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2017 Porsche Panamera Finally Stands For the Four-Door 911 We've Always Wanted

Unlike the Cayenne, which faced tremendous resistance from purists despite its financial savior role, the Panamera has always enjoyed a much warmer welcome from those who believe Zuffenhausen machines should only come in two-door form. Most of the credit for the sedan's easier entry is owed to the fact that many of us wish for a four-door 911, whether we express this or keep it a secret.
2017 Porsche Panamera Turbo 17 photos
2017 Porsche Panamera Turbo2017 Porsche Panamera Turbo2017 Porsche Panamera Turbo2017 Porsche Panamera Turbo2017 Porsche Panamera Turbo2017 Porsche Panamera Turbo2017 Porsche Panamera Turbo2017 Porsche Panamera Turbo2017 Porsche Panamera Turbo2017 Porsche Panamera 4S2017 Porsche Panamera 4S2017 Porsche Panamera 4S2017 Porsche Panamera 4S2017 Porsche Panamera 4S2017 Porsche Panamera 4S2017 Porsche Panamera 4S
The reason is simple: by the time you end up affording a Neunelfer, you realize adding a pair of doors isn't such a bad idea. And while we could never overlook the rear-engined difference between the 911 and the Panamera, we could at least try to trick ourselves with the help of the latter's styling.

Alas, the first generation of the Panamera didn't exactly help with this, despite being fast enough for the sweet deception mentioned above. That's because its appearance was an opinion splitter, to put things mildly, and its rather tight rear seat area determined the Germans to come up with the Panamera Executive long wheelbase afterthought (released with the mid-cycle revamp).

Well, the second-gen Panamera, which has just been unveiled in Berlin, manages to overcome both issues mentioned above.

For one thing, the 2017 Panamera finally pays a true visual nod to the well-aged appearance of the 911, as you can see in the image gallery below.

Then there's the size of the thing. The new model, which comes with a full aluminum construction, is longer, wider and taller than the car it replaces. Also, the wheelbase has seen a slight increase. As for how the carmaker achieved such a melange of practicality and styling, the sweeping roofline and the generously-sized wheels (19-21 inches) helped quite a lot.

Oh, and those of you who appreciated the active rear spoiler drama of the first Panamera should check out the way in which the wing of the new Turbo unfolds itself when the driving mode knob we've already met on the 991.2 and 718 Boxster/Cayman is touched.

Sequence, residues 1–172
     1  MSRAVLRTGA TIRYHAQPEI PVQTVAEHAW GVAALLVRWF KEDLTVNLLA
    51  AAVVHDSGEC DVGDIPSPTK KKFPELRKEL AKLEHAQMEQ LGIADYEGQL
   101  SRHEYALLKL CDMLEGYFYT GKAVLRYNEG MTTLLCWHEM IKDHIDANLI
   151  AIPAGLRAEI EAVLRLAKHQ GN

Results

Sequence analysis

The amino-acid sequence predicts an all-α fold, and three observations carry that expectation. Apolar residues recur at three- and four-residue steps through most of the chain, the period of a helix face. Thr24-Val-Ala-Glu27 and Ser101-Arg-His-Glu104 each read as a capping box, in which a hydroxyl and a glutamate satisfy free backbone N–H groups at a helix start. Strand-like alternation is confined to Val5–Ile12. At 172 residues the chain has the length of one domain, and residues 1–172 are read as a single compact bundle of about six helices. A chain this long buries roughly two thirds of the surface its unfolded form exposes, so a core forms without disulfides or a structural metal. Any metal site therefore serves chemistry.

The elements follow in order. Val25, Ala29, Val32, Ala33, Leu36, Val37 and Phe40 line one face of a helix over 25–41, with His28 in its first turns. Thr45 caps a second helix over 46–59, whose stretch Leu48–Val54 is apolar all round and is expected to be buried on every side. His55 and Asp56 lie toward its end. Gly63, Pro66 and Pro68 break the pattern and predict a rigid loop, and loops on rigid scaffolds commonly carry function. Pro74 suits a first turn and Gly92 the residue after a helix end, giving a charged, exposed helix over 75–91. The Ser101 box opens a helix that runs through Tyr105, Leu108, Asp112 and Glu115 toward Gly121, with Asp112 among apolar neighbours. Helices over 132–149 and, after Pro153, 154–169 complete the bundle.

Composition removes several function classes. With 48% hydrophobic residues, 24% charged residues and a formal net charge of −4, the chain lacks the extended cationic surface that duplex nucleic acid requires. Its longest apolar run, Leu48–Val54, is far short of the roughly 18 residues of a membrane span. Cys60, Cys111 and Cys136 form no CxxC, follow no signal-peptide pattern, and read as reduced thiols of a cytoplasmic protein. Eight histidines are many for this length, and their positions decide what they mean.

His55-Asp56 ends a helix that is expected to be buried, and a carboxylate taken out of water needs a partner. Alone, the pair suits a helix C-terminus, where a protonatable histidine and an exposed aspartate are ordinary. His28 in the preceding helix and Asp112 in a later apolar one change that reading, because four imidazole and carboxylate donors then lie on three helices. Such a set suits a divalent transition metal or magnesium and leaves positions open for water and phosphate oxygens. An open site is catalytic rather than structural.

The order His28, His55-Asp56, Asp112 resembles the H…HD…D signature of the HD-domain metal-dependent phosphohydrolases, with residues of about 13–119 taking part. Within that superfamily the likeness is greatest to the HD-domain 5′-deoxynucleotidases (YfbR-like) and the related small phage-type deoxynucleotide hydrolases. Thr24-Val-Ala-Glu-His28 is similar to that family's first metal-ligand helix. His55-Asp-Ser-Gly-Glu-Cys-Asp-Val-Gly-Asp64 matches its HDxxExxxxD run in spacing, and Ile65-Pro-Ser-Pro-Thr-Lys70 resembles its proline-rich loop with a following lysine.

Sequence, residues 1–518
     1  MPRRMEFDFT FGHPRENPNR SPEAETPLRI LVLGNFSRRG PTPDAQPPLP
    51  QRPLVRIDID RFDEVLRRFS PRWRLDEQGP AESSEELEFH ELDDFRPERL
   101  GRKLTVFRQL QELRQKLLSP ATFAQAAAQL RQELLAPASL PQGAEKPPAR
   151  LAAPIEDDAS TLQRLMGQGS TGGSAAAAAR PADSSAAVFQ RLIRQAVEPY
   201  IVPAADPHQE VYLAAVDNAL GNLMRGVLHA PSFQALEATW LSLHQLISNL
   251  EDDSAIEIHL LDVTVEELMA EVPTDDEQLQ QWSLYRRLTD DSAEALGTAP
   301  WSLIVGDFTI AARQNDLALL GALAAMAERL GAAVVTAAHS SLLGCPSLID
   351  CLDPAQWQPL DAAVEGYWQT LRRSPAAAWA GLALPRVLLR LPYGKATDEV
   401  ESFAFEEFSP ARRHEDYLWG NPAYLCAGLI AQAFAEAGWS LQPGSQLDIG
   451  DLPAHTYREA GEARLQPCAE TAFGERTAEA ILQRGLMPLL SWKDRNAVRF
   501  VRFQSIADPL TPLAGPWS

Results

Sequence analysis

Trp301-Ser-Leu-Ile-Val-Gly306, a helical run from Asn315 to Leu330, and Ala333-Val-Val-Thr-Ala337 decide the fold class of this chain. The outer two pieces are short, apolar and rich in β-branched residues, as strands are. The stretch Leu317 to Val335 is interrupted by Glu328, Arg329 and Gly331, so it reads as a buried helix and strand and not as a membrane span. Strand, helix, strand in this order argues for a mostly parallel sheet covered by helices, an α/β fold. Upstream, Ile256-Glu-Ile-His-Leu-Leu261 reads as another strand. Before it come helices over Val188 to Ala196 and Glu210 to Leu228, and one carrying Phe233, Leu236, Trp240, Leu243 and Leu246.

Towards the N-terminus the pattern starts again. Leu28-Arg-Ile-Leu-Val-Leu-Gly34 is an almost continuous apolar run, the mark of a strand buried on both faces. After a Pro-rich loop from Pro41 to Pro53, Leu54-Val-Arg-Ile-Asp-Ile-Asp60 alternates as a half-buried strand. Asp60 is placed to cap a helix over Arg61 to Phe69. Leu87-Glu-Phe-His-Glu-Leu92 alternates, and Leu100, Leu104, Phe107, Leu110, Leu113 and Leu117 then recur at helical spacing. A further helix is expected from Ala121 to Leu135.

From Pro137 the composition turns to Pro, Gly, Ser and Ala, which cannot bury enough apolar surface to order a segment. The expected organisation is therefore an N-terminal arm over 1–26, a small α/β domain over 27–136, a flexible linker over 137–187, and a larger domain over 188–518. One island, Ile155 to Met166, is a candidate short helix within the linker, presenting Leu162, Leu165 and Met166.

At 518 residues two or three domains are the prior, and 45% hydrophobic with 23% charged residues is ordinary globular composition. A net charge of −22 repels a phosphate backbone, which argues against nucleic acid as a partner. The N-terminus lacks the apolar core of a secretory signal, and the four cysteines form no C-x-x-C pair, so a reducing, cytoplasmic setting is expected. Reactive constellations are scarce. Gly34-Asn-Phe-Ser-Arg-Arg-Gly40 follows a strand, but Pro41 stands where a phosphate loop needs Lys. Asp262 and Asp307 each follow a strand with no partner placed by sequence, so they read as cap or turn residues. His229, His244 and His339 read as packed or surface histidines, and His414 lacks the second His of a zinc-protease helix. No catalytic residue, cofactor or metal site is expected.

As for the interior, we have to start with the analog tachometer we talked about when the Turbo S leaked online. This links the Panamera to the 1955 356 A, but is flanked by a pair of seven-inch display that completes the instrument cluster.

Zuffenhausen loves acronyms, so the 12.3-inch infotainment display on the center of the dash is called Porsche Advanced Cockpit. Whatever tickles your Le Mans bone.

Nevertheless, it seems Porsche and Google still haven't managed their trust issues, as only Android Auto is mentioned.

As expected from the company, the tech side of the car is all new. For starters, ZF has worked with the automaker on the second-generation PDK, which had eight ratios. And a lot of hidden magic we'll probably get to discover soon. Oh, and let's not forget the rear-axle steering.

The US line-up currently starts with the Panamera 4S (all models above 400 horses come with all-wheel-drive). We're dealing with a twin-turbo 2.9-liter V6 producing 440 hp and 405 lb-ft (550 Nm) of twist. This will get you to 60 mph in 4.4 seconds, or, if you add the optional Sports Chrono Package (do it), 4.2 seconds, while the top speed sits at 180 mph (290 km/h).

As for the 2017 Panamera Turbo, this is motivated by a 4.0-liter twin-turbo V8 churning out 550 hp and 567 lb-ft (770 Nm) of torque. This rivals the previous-generation (997.2) 911 Turbo's 0 to 60 sprint, getting the job done in 3.6 seconds. Make that 3.4 seconds if you follow your Sport Chrono urge. Top speed? 190 mph (306 km/h).

The 2017 Porsche Panamera is scheduled to hit US dealers just in time for next year's Detroit Auto Show (January 2017). The 4S comes with a MSRP of $101,040, while the Turbo hostilities kick off at $147,950. Make sure you pack enough money for the delicious black hole that is the list of Porsche optional extras, though.

Europeans have also been gifted with the new Panamera 4S Diesel. This borrows the Audi SQ7's 3,956cc V8, which sees its conventional turbos being added by an electric one. With the Porsche badge, the engine delivers 422 PS and a peak torque of 850 Nm (627 lb-ft). The oil-burning Panamera can complete the 0 to 62 mph (100 km/h) sprint in 4.5s (4.3s with Sport Chrono), while its maximum velocity sits at 177 mph (285 km/h).

The 4S Diesel comes with a German market price of EUR116,954. As for the 4S, this starts at EUR113,027, while the Turbo can be your for at least EUR153,011 - the prices include 19 percent VAT.

Now, before inviting you to check out the clips below, we have to remind you of the 2017 Panamera Turbo's 7:38 Nurburgring record...

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